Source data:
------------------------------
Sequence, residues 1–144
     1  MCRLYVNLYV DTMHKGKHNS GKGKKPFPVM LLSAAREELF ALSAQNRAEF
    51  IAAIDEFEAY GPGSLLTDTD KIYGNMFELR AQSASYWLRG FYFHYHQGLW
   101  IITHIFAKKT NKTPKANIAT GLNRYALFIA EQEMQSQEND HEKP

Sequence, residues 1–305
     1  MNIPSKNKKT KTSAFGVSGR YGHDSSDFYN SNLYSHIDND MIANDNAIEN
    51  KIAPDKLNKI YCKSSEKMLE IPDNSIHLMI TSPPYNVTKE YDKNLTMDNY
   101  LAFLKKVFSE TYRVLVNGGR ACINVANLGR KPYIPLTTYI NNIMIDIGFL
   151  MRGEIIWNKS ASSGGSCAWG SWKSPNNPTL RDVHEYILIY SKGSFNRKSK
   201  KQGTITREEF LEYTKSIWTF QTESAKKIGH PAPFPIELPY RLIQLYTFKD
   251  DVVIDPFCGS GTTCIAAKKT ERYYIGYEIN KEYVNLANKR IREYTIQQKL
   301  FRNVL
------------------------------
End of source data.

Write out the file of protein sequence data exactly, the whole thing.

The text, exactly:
Sequence, residues 1–144
     1  MCRLYVNLYV DTMHKGKHNS GKGKKPFPVM LLSAAREELF ALSAQNRAEF
    51  IAAIDEFEAY GPGSLLTDTD KIYGNMFELR AQSASYWLRG FYFHYHQGLW
   101  IITHIFAKKT NKTPKANIAT GLNRYALFIA EQEMQSQEND HEKP

Sequence, residues 1–305
     1  MNIPSKNKKT KTSAFGVSGR YGHDSSDFYN SNLYSHIDND MIANDNAIEN
    51  KIAPDKLNKI YCKSSEKMLE IPDNSIHLMI TSPPYNVTKE YDKNLTMDNY
   101  LAFLKKVFSE TYRVLVNGGR ACINVANLGR KPYIPLTTYI NNIMIDIGFL
   151  MRGEIIWNKS ASSGGSCAWG SWKSPNNPTL RDVHEYILIY SKGSFNRKSK
   201  KQGTITREEF LEYTKSIWTF QTESAKKIGH PAPFPIELPY RLIQLYTFKD
   251  DVVIDPFCGS GTTCIAAKKT ERYYIGYEIN KEYVNLANKR IREYTIQQKL
   301  FRNVL